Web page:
Generally speaking, you should see some type of stop code that helps narrow down the problem as Microsoft has over 350 stop codes that could come up on either a blue or black error screen.

The complete list of Microsoft’s stop codes can be found at: https://goo.gl/6ke7ei

Troubleshooting Options

Microsoft attempts to help users with an interactive troubleshooting guide (https://goo.gl/BeQXUV), but if things are really a mess, their generalized suggestions may get you nowhere.

If you can decipher the meaning of the stop code through Microsoft’s list, you may be able to find a path for troubleshooting, but in some cases, the stop code is pointing at the results not necessarily the cause.

You can also try doing an Internet search for your specific stop code as many thousands of resources exist for this all-to-common problem.

Widespread Increase

We’ve seen a significant uptick in the number of computers being brought to us stuck in a BSOD loop and we suspect that in Microsoft’s rush to patch the recent Meltdown and Spectre flaws, their normal process of testing the update was compressed.

They’re also now pushing out the Fall Creators Update to all machines on a staggered basis automatically.

We do know that if your anti-virus program has not confirmed that it’s compatible with the January 3rd ‘flaw’ update or if your computer has one of the AMD processors that has a known issue, Microsoft won’t offer you the update.

If you don’t see the update being available, you should not try to manually install any updates as that could certainly lead to a nightmare BSOD situation.

Preventative Measures

Since we know that both the flaw patch update and the Fall Creators Update are being automatically installed, the possibility for anyone to experience this problem goes up.

With this in mind, if you haven’t performed a complete backup recently, now is the time to do it as in some severe BSOD cases, reloading everything from scratch is the only reliable solution.

You’d be wise to gather all your software product keys as well in the event reinstallation is necessary, which can be done with the Belarc Advisor:  https://goo.gl/6jVEPE




What do I need to do to protect my computer from the microprocessor flaws?

Thu, 11 Jan 2018 00:00:00 +0700

(image) The Meltdown and Spectre processor security flaws, which many are calling the worst processor bug ever, should be of concern for all computer users.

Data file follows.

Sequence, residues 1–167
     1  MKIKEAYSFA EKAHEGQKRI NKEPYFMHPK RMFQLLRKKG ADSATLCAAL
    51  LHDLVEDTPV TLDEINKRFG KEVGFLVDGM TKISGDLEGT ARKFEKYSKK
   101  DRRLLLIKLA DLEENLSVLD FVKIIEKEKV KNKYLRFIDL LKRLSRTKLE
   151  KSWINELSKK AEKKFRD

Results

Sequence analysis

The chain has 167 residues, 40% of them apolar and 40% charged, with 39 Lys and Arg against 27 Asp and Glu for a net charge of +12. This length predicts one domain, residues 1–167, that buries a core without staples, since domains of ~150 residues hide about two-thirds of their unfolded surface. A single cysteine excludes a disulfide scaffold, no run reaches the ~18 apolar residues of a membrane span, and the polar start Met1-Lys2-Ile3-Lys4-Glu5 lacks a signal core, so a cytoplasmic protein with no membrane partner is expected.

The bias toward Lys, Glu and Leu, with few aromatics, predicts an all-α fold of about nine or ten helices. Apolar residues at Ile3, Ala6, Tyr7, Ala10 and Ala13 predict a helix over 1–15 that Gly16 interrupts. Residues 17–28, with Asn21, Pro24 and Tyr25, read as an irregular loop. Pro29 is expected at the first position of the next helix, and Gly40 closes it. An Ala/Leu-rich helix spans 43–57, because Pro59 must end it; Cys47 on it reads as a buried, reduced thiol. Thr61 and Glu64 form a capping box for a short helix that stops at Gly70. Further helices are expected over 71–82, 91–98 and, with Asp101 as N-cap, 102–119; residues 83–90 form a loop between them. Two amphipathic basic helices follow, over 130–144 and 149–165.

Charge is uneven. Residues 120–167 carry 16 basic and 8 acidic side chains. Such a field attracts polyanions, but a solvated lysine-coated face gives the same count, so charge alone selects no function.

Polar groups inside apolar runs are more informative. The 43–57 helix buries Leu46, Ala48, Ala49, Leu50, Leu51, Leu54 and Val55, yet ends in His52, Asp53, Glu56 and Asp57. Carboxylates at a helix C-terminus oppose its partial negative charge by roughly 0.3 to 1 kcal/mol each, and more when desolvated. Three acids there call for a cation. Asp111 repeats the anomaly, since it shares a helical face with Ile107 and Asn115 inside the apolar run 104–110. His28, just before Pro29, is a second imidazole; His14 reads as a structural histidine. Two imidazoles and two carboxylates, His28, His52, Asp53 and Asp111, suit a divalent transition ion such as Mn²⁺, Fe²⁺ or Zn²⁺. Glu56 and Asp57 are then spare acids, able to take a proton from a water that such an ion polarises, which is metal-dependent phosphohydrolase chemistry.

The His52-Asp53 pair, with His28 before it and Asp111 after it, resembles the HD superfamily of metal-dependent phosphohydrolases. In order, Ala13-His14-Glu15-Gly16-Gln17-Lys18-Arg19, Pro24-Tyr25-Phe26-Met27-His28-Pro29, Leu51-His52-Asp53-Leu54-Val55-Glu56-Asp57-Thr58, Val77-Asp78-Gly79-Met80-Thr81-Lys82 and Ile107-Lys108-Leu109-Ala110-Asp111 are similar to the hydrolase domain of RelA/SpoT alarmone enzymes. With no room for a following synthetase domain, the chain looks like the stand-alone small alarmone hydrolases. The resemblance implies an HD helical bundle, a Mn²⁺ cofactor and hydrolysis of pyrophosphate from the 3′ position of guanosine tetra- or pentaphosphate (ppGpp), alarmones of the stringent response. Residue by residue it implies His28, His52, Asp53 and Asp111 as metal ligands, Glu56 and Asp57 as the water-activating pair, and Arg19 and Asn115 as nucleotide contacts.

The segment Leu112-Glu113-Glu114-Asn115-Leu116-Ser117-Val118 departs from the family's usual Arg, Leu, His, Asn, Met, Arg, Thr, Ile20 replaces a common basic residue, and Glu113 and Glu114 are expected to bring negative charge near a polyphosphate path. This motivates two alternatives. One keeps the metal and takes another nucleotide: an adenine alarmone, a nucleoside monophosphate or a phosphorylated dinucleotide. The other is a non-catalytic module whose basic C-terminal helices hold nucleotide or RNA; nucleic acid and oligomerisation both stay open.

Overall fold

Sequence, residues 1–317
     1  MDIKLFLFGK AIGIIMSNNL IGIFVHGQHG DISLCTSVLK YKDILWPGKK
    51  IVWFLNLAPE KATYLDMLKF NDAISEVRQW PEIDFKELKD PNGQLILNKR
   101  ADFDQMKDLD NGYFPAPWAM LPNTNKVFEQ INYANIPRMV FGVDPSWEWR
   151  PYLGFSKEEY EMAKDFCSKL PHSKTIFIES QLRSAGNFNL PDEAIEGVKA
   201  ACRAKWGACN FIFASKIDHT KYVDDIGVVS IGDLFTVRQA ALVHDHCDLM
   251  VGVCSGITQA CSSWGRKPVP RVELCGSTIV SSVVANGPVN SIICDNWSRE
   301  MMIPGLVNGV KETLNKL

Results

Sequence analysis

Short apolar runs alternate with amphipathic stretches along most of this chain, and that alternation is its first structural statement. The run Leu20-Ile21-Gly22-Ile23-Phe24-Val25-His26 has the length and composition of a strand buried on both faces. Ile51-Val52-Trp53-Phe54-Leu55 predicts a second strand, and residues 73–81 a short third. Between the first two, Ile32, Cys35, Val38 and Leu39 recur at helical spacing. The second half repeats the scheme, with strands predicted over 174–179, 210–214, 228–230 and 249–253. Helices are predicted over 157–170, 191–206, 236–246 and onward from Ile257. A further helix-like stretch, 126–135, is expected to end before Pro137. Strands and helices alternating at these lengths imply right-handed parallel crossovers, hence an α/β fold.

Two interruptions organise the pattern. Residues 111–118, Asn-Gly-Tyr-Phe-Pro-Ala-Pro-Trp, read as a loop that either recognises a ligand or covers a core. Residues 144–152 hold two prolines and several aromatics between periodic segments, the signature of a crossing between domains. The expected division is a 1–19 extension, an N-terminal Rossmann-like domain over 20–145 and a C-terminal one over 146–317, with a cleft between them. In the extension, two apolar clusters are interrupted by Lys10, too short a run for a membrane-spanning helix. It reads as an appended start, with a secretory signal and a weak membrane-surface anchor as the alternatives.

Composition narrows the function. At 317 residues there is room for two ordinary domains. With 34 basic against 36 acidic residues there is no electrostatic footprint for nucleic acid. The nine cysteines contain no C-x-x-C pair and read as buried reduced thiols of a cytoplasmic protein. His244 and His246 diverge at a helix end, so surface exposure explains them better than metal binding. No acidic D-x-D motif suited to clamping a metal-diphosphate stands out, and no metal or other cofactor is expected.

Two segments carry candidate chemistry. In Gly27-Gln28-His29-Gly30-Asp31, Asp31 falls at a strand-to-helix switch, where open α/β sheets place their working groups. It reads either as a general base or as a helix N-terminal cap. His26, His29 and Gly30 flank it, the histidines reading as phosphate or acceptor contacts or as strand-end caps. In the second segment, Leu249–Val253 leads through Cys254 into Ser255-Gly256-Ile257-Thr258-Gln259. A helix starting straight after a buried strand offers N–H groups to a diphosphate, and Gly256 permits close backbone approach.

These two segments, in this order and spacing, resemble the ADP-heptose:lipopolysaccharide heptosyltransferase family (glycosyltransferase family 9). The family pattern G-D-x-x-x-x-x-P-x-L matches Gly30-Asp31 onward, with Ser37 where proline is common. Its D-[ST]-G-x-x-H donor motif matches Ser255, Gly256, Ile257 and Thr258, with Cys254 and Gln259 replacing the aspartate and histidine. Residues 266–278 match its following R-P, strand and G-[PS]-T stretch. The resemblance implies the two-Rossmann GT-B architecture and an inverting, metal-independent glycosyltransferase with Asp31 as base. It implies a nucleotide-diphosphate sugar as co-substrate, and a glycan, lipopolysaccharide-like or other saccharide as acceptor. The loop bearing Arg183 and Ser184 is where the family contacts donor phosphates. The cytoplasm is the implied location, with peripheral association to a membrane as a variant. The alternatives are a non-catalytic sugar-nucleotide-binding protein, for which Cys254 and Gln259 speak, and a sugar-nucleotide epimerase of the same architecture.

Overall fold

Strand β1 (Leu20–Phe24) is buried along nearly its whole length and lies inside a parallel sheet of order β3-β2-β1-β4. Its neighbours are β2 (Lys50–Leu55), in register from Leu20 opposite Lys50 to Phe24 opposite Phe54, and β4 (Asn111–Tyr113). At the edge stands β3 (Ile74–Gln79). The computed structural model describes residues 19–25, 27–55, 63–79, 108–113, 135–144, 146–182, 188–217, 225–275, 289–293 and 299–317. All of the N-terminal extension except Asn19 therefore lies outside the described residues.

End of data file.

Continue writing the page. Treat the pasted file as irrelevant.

Virtually every computer made since 1995 is considered to be vulnerable because of what has come to light as a design flaw in the way processors work.

Tech companies are scrambling to patch this serious hole, with lots of issues of who needs to do what first creating lots of confusion.

There  are three main things that need to be updated in order to ensure you are protected: operating system, browsers and BIOS/Firmware

Operating System Updates

In most cases, operating system updates are pretty straightforward and often times automatic for Windows users, but not in this case.

The available Windows update that patches the OS hole will only install properly if your anti-virus provider has created a provision in their protection that allows this critical update to install.


Without this ‘registry key’ in place, users that try to install the update can experience system problems including the dreaded Blue Screen Of Death (BSOD).

Making sure your anti-virus program has updated your system is a critical first step (check the support website for your program). The full technical explanation from Microsoft is available here: https://goo.gl/Y6dN5t

Apple users need to update their computers, mobile devices and even Apple TVs with MacOS 10.13.2, iOS 11.2 and tvOS 11.2 respectively.

Android users need to check their devices regularly to see if there is an available update as there is no one update for all Android-based phones.

Browsers

Every browser you use on every device needs be updated to the latest version, but this is the easiest and most straightforward process of the three. All of the major browsers have already created updates to patch this flaw, so there is nothing to wait for here.

BIOS/Firmware Updates

This is by far the most complicated and least clarified part of the update.  Intel announced that they plan to have firmware updates for 90% of processors made in the past 5 years by Jan 13th and older processors by the end of the month.


Think of firmware as a software update with operating instructions for a piece of hardware.